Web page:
et me introduce you arships, but his dream of going to Dave (not his real on to higher education was to name). I met Dave while never happen. I was walking home from It wasn’t that his marks work early one morning and he weren’t good enough or that he was being shuffled out of a local didn’t do everything he needed business doorway where he was to succeed and move on to a sleeping. life of happiI discreetly, ness. Dave’s only watched from a downfall was distance while the his step father, store clerk rudely the very person informed him he was trying to that the doorway escape, made too was not a bed, much money. and as Dave was This meant walking away, I Dave was not approached him going to be able ROBERT and asked him to to get a student join me for a cup loan to pay for of coffee. his education, or From Street Level It turns out at the very least that Dave’s story is the epito- enough to cover the costs of me of stories of youth all across tuition while he worked to supCanada today. port himself. And of course, his He made his way from step father, as selfish as he was, Vancouver and came from a refused to even help with the wealthy and seemingly happy costs of Dave’s salvation. family, but we all know, what Like many young people in seems to be isn’t always so. Canada, Dave decided to get a You see, Dave was emotion- job and save the money he needally and physically beat by his ed for his tuition. He worked step dad on a daily basis, and hard and at times he even had Dave realized, his only real hope three jobs but as time went on, for happiness was to graduate reality of life set in, his hard and escape to college or uni- earned scholarships expired and versity. his dreams slowly began to die. He did really well in high It wasn’t long before he school, graduating on the honor couldn’t keep up with physiroll, he was even successful cal demands of working three enough to receive several schol- jobs just to make ends meet,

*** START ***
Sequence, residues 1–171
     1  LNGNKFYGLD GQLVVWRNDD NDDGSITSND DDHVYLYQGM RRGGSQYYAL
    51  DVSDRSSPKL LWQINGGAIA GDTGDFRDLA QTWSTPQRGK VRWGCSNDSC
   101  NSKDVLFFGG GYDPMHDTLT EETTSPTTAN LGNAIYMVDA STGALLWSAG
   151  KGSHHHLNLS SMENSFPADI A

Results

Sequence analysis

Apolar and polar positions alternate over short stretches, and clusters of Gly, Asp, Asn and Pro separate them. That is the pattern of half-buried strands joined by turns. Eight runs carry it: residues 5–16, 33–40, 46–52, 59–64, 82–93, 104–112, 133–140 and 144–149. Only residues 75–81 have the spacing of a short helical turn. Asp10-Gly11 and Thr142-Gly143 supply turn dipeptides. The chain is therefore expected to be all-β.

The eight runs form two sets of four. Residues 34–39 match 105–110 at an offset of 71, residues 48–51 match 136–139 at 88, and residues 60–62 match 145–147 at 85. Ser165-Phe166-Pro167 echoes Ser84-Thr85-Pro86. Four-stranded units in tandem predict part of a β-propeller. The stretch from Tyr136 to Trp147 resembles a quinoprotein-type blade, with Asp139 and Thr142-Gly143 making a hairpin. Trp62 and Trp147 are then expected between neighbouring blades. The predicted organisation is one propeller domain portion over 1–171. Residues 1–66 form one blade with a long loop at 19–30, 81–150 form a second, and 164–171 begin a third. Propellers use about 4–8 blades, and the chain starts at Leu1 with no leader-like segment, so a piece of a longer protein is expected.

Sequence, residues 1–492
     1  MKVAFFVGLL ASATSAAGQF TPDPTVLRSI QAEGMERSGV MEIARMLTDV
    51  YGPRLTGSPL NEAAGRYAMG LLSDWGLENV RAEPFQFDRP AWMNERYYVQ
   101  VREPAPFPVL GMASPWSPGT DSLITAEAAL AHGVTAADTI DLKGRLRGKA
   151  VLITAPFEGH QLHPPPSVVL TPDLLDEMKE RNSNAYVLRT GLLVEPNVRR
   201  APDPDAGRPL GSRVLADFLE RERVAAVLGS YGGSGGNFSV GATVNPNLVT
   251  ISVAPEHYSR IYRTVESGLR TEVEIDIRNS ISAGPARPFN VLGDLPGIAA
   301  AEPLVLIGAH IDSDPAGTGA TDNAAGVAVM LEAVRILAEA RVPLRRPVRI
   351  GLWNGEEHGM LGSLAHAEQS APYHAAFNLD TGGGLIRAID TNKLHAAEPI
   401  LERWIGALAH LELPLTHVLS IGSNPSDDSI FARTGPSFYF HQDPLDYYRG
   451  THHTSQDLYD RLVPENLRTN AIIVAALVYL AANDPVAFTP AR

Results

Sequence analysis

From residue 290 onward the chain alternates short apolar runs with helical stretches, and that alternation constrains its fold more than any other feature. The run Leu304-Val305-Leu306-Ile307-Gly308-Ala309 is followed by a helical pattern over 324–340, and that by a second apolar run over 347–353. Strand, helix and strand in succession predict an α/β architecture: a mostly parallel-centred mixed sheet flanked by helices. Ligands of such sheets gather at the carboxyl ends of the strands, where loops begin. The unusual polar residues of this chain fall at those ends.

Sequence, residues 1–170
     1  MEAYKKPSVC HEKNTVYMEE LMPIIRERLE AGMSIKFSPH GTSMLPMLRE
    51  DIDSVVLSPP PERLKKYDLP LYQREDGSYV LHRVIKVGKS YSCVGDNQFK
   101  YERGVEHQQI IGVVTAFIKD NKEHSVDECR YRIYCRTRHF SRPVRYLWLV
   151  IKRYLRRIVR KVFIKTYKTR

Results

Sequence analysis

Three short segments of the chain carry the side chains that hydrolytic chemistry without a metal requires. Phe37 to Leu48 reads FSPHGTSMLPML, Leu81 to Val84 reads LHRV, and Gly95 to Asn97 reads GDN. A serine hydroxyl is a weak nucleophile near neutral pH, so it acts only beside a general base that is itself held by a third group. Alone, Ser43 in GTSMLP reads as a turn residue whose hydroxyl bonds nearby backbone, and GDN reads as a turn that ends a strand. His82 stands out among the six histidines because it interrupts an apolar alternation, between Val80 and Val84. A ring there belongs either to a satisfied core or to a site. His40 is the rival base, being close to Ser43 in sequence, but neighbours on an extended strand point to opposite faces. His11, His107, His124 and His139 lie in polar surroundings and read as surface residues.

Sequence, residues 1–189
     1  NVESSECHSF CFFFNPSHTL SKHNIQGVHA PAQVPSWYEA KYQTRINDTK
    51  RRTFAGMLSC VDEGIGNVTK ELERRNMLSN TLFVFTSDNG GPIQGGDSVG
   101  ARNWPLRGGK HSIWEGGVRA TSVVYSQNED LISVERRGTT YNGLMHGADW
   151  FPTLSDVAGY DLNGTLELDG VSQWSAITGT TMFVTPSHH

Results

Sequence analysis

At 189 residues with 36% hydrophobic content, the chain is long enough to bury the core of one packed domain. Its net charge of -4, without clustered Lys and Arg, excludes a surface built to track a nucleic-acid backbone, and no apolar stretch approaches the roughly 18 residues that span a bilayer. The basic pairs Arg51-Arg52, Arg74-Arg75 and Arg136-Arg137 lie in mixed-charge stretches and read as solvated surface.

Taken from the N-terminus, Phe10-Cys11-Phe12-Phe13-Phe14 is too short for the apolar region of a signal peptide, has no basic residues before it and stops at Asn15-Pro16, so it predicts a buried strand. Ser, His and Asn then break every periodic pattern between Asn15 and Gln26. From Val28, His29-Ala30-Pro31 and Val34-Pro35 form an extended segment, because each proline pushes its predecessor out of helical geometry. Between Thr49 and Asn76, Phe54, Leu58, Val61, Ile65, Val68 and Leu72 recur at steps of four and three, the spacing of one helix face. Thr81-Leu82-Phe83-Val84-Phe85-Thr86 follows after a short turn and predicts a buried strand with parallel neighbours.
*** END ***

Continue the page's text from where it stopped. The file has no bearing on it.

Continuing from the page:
LEGGETT